Local cafés

The Garden Café on Stony Street in Frome is a lovely spot for Sunday breakfast (especially alfresco, in summer), specialising in natural, organic food. Its cakes are rib-stickingly good.

Reviews

Photos The Talbot Inn reviews
Jon Stibbs

Anonymous review

By Jon Stibbs, Travelling pen for hire

The Velvet Underground’s ‘Who Loves the Sun?’ gently sounded in the centuries-old bar. ‘Not everyone,’ replied Lou Reed to his own question. You crazy cross-dressing fool, Lou, I thought as Mrs Smith and I took our drinks to one of the tables in the glorious sunshine. Outside, there was that foreign heat that can only be properly described as ‘scorchio’.

People have been staying at the Talbot Inn since the 15th century, when horses drew coaches through the entrance of the elegant façade. Fragrant, flowering lavender now lines the cobblestones that feed onto the quiet gardens, where Mrs Smith subdued an urge to dance like a flower fairy among the pink and violet poppies. Across half a millennia, the Talbot has evolved with all the logic of a duck-billed platypus. The cosy bedrooms are arranged around a higgledy-piggledy array of crooked passageways, behind random doors and over unaccountable steps. These curious corridors must have seen countless illicit assignations and perplexed stumbling through mistaken doors.

The builders had an eye to future generations. Sadly, these foresighted folk failed to predict we might grow taller, so we did have to duck and occasionally swear. To modern eyes accustomed to soulless business hotels, it seems impossibly romantic. Additionally and refreshingly, Talbot’s staff has not had their personalities polished off. The various buildings include the bar/pub, connected to the restaurant and below the majority of the few rooms. Step out to the comfort of the sitting room and the Coach House Grill Room has a bar with 21 English gins – yes – 21 gins! Despite its hefty heritage, the hotel has eschewed the dubious charms of olde-worlde tattery. Instead of chintz, there’s understated modern art on the muted walls. Our accommodation – the Abercrombie suite – had a topless four-poster bed, a tweed armchair and a window seat. One of the other rooms has a stand-alone bath with a glorious view onto the garden, for the joy of bathers and anyone in the right spot when it’s time for the towel.

The village of Mells is taken from the Latin word mellis meaning honey, and while we saw no hives, it is incredibly sweet. Think thatch, pheasants and fishermen; the air was heavy with rosemary, roses and honeysuckle. The one shop stocks all the local cheeses, meats and bucolic goodies you would hope for. I nearly bought a copy of The Field when I saw headlines for ‘Gunny Mummies’ and ‘Tweedy Guitar Heroes’. Beside Mells’ fine boozer – The Talbot – the village is blessed with a glorious church. Justin, waiter and historian, took us on an unforgettable trip up the stone stairwell into the bell tower. Inside, he showed us the delicate mechanism to play the bells and he let me trigger them to off – woohoo! I can exclusively report that, yes, they do have bats in the belfry.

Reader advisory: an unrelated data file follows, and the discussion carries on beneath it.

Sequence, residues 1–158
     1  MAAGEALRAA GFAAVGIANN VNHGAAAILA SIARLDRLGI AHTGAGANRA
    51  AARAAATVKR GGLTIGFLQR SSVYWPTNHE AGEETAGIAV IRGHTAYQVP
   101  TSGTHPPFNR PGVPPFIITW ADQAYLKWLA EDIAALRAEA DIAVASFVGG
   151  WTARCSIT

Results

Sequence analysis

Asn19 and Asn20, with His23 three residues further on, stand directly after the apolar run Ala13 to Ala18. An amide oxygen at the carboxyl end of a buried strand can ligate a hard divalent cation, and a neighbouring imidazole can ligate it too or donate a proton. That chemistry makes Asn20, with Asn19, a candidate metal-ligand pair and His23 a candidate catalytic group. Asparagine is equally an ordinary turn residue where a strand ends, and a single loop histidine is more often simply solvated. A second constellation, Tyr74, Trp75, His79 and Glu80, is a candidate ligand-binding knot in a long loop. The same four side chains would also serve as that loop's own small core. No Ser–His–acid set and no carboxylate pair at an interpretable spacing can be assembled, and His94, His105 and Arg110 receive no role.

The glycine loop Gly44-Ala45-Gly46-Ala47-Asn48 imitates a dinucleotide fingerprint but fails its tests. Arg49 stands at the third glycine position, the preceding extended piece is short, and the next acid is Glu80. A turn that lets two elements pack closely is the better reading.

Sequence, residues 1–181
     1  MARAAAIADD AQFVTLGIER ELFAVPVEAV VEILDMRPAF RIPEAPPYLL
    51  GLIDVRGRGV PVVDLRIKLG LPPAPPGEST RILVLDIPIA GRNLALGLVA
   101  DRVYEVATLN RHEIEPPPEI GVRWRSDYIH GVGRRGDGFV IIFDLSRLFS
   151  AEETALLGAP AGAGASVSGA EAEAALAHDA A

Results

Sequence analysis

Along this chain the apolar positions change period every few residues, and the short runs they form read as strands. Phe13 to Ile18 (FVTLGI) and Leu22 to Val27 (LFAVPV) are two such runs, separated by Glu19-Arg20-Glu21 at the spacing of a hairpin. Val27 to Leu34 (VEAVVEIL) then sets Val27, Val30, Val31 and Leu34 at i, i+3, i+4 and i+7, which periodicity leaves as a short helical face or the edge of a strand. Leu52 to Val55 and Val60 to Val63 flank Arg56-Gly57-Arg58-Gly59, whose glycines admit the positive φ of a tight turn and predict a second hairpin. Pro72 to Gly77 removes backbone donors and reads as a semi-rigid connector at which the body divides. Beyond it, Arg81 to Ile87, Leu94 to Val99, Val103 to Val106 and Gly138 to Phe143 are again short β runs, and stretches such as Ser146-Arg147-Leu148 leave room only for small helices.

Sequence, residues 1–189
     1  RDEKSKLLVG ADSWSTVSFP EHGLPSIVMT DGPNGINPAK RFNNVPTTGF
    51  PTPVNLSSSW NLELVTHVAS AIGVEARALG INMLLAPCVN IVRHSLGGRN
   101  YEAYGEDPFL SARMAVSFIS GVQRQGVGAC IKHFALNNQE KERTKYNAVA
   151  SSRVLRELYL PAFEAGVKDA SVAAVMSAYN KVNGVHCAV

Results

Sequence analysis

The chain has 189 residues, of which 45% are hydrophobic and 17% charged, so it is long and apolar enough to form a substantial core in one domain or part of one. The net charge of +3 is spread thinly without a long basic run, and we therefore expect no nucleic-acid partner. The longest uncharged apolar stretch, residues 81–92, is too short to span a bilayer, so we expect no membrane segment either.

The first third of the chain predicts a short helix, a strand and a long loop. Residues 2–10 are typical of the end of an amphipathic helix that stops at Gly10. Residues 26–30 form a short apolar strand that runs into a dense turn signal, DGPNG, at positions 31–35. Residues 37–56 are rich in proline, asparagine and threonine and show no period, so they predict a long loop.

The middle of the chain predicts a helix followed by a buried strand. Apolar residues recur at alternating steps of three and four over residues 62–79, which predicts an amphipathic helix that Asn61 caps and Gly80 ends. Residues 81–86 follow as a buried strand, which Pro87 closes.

From the top of the tower, we looked out to the famous white horse of Salisbury Plain, down on Siegfried Sassoon and Robert Knox buried in the cemetery, and onto the local manor. The entrance to the Asquith family’s 16th-century home is marked by the scent of wild garlic and two stone ‘talbot’ dogs. The Asquiths are accustomed to responsibility, they count a PM among their number and used to name all the kids in the village until the mid-1800s.

The architect Edwin Lutyens had a heavy Victorian hand in the village. While he is probably best known for his work in New Delhi, Mells remains undeniable Old England. We took one of the hotel’s recommended walks for a trip into Hardy’s Tess of the d’Urbervilles. Mrs Smith was in her element pointing out buttercups, wild strawberries, snapdragons, dog roses, sweet peas and moon daisies. Several of which I suspect she did not invent.

In the peak of summer and machete-less, we snaked through a jungle-like path of head-height cow parsley setting off explosions of seeds. Looking for a picnic spot, we startled a deer to reveal the perfect place amid clover, beside a hedgerow and billowing trees. By this time, Mrs Smith had sunk into a reverie and was singing what she could remember of ‘Jerusalem’. ‘This countryside is all encompassing,’ I said as I found a snail in my pocket. ‘Bumtittybum of burning gold,’ replied Mrs Smith, happily.

Thirsty and inquisitive, we walked past the geraniums on the piano at the Garden at Mells – a garden centre, school and café – for a drink. Like a lion on a gazelle, I set about a glass of elderflower fizz; ‘That’s my man,’ breathed Mrs Smith, clearly impressed. We ate dinner in the restaurant’s map room. A Monday night, all the tables were taken, which is testament to the local ingredients and cooking. I had a tomato salad with cannellini beans, duck with buttery cabbage and – joy! – cheese: Westcombe cheddar, blue Wensleydale, biscuits like crumble topping, and thick relish heavy with spices.

Mrs Smith chose tender pigeon breast, hake with black-eyed peas, and gooseberry and elderflower tart with ginger ice-cream. There was silence when her pudding arrived and then the gentlest ‘Oh’ when she found a tiny elderflower embedded in the crust. This is not the place to come to mash it up. We went for a night walk and the only sounds were church bells, owls and the breeze through the trees.

We were fashionably late for breakfast, which doesn’t count for a lot in rural Somerset. A jar of hangover remedies was laid out on the buffet table, next to the ingredients to blend our own Bloody Mary using horseradish grown in the Talbot’s garden. We picked up dismembered newspapers and read as we awaited the arrival of our perfect eggs royale; this is England.

Price per night from $124.50